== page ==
The Story Behind Grace Food Pantry, The Million Dollar Foodathon, and Their Future

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We sat down with Pastor Charles Silano who was instrumental in the creation of this organization. Grace Food Pantry has come a long way since its inception in a garage serving maybe 30 families, to where it is now, on Education Way serving 4,700 families a month.

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In the early days of the Pantry’s inception, Pastor Silano told us there really wasn’t much in the way of challenges, because there were little to no regulations then. The biggest challenge was getting the food from the food banks, because it was competitive, and it was time consuming because you had to travel to the food banks to pick it up. The food also was not very quality, until the USDA stepped in to distribute foods. That made retail stores back off a little bit, until the food pantries went out to talk to them about it, and ultimately got them back on board due to the food donations being a tax write off for them.

It was at this time that regulations were made that food pantries needed to operate out of a public facility, no more out of your home pantries. This led Pastor Silano to reach out the the school district. Bill Delbrugge was the Superintendent of Schools in Flagler County at that time. Grace Food Pantry approached The Superintendent Delbrugge about doing a food drive a few times a year in the school district. Pastor Silano said, “Well, he did. He went beyond that. He said, ‘Oh, we have nine schools and we’ll do nine food drives a year. We’ll get the kids involved.’ He loved that idea. Then we told him, do you have any space that we could possibly use? He came up with an 800 Sq. Ft. Room in the old school board building for us.”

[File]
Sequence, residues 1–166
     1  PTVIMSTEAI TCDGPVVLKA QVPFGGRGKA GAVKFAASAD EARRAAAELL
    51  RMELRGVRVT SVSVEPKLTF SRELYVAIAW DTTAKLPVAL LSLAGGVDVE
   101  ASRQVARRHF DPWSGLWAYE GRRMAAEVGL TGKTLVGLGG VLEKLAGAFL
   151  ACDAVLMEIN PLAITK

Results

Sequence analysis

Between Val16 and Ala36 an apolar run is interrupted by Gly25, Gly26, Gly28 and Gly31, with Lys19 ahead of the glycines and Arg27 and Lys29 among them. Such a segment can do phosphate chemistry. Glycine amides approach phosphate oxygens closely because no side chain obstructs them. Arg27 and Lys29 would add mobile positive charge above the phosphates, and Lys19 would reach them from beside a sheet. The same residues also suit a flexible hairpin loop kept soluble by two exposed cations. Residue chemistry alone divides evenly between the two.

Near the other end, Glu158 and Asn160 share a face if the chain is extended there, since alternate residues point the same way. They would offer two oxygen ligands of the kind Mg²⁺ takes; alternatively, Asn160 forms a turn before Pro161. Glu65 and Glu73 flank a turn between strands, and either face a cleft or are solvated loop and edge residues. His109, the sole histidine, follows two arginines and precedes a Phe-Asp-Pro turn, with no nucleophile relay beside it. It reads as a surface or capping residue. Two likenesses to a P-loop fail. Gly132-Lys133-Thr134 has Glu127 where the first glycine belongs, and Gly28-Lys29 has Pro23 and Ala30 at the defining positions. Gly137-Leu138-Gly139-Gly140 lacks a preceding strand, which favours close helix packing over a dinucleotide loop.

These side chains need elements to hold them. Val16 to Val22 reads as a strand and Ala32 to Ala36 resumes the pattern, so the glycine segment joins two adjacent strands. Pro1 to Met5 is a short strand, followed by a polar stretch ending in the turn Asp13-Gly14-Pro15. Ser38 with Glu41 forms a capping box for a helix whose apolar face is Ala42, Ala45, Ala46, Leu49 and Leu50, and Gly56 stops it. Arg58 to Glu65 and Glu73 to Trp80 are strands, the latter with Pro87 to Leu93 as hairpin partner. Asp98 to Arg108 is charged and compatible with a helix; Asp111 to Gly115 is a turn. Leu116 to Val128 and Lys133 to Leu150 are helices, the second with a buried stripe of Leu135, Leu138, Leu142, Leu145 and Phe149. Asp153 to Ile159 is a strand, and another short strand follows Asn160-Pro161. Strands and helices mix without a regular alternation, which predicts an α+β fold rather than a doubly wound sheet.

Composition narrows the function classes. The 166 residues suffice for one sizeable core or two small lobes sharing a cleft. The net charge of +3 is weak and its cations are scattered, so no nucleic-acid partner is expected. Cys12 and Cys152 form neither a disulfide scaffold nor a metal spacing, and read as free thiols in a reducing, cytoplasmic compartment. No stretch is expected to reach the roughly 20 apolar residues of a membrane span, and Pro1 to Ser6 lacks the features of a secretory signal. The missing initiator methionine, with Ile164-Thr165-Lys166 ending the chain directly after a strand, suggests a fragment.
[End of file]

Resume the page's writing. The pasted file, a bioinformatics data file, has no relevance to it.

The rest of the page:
As the pantry grew, at the time, due to the economic crisis, Superintendent Delbrugge moved Grace Food Pantry into the shop where all of the mowers were stored, which was a 5,000 sq. ft. building, and that is where the drive through part started. They stayed at that building for years until the building had to be used for something else. That is when The Superintendent moved  them to the place on Education Way, where they have been for about 12 years now.

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We asked Pastor Silano about the current challenges he and the food pantry face today. Pastor Silano talked about how infrastructure is the biggest challenge. They need refrigeration, pallet racking, vehicles, walk-in freezers, etc. The other challenge they can face is volunteers in the summer. “Volunteers for the summer are an enormous challenge because it’s hot, as you know. Most of our volunteers are in my age group and it gets really hot out, so sometimes getting volunteers for the summer is a challenge, but we’ve always trudged through it.”

We talked about some of the ways the community can help Grace Food Pantry with the challenges they face. This is where Pastor Silano talked about their 2nd annual Million Dollar Foodathon, that the radio station helped them put on for the second time, this last July 14th. Last year, during the Million Dollar Foodathon, they raised $125,000 dollars. They believe they raised around $100,000 dollars this year because businesses couldn’t give as much as last year. They did, however, see more people coming to donate this year.